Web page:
Part of the book has the tramp scheduled to pick up sugar in Cuba. But Fidel Castro has recently taken over that country, meaning once they pick up the sugar in communist Havana, which was bound for communist China, they would not be allowed to stop in the U.S., or go through the then U.S.-controlled Panama Canal. One passage from the diary:

"So we’ve got to go all the way across the Pacific to Vancouver and take bunkers there, probably Coos Bay again, and then down to the Panama Canal, then through that to Havana. But once we’ve been to Havana, the Americans won’t let us back through the Canal. I didn’t know it was theirs as well. Perhaps the whole world belongs to America. That’s what the Fourth says. It used to be ours; now it’s theirs." (pp. 188)

         After Cuba and back across the Atlantic to Gibraltar, where the ship is struck by a tanker during a fog and sustains a huge gash, the tramp heads through the Suez again and out to the Indian Ocean, China and Shanghai, and finally Hong Kong where ‘the lad’ has to have his appendix removed and then is flown home, back to England. At home it seems not much has changed, but inside Mr. Lee is a much different boy, now more a man.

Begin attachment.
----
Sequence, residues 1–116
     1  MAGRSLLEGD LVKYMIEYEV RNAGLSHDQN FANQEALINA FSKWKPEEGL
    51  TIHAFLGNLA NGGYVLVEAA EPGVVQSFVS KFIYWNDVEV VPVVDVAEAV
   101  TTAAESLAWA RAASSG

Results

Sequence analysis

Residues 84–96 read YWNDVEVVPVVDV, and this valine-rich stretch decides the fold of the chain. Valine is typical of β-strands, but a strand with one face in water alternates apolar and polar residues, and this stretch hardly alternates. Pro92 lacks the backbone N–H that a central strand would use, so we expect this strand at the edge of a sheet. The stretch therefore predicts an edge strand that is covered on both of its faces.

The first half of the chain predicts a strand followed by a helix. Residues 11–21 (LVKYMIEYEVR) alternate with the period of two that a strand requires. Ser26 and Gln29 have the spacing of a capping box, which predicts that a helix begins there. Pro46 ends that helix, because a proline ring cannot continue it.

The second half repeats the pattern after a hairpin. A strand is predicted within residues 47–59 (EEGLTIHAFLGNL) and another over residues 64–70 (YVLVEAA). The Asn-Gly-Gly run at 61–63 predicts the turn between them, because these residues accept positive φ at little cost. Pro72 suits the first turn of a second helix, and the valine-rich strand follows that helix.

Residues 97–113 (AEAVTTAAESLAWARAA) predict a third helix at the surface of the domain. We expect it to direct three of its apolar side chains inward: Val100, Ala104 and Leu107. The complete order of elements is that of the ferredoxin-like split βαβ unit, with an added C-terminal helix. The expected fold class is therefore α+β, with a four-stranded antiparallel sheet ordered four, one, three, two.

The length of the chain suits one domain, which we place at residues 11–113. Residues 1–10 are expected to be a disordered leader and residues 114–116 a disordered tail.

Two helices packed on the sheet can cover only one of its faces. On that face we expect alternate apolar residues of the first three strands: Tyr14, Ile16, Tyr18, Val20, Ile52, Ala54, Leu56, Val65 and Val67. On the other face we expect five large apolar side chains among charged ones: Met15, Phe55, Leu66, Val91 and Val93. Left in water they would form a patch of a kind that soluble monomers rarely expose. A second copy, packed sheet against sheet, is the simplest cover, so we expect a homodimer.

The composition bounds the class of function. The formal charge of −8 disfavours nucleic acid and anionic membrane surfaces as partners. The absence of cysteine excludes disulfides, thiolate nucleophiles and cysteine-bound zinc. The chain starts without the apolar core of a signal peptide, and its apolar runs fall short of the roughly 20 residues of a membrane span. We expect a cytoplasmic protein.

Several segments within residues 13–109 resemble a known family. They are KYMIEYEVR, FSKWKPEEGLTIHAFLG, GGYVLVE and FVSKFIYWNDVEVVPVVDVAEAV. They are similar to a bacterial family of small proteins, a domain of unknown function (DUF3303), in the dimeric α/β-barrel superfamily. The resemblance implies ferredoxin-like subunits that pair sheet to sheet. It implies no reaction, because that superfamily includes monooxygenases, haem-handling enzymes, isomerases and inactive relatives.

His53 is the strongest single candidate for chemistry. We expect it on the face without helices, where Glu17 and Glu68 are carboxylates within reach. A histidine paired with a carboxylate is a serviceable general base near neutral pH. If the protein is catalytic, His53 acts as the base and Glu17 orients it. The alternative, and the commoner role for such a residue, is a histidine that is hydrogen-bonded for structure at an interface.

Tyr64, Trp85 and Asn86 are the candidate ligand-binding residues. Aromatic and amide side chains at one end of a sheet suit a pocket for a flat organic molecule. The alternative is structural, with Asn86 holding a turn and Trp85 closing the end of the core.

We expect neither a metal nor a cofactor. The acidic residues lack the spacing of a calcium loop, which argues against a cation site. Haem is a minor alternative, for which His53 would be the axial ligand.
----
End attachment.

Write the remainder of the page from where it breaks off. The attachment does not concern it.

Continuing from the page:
Another bright spot of this book is the cast of characters on the tramp with Christopher Lee: the cocky and cantankerous Ainslie, an apprentice like Lee, who shares his bunk room and berates Lee at any chance; the Mate, first mate, worldly, read, stern, yet kind; the Chief Engineer, a strange breed, always alone tapping away on the Morse machine; the first Captain, mysterious and not often seen; the second Captain, along with his wife, who takes frequent trips to villas and hotels when the ship is at anchor. Most of the others are Chinese who do the dirty work below, the cooking, the scrubbing. Almost all of the characters are eccentric in some way, which brings them to life and creates for a lively read.
         All in all a very good book, especially to put yourself in a place where you might not have thought of, the world of the tramp steamer at the end of the British Empire. It is also interesting for the British slang usage, as well as the many times humorous, and sometimes tragic, but always strenuous life aboard ship.


If you think the tramp is gone, it isn’t. It may not rule the seas anymore, but there are still opportunities to have a taste of what life might be like aboard these vessels, minus the grueling work. If you are interested, there are a number of websites that deal with tramp passenger travel. Many tramps have passenger cabins with all the modern fixings, but the surprise is you may not know where you are going to go when the tramp leaves the harbor. So if you have a month or maybe a year on your hands …
        Here are a few sites I found:


And many more can be found at EscapeArtist.com:

Happy Tramping!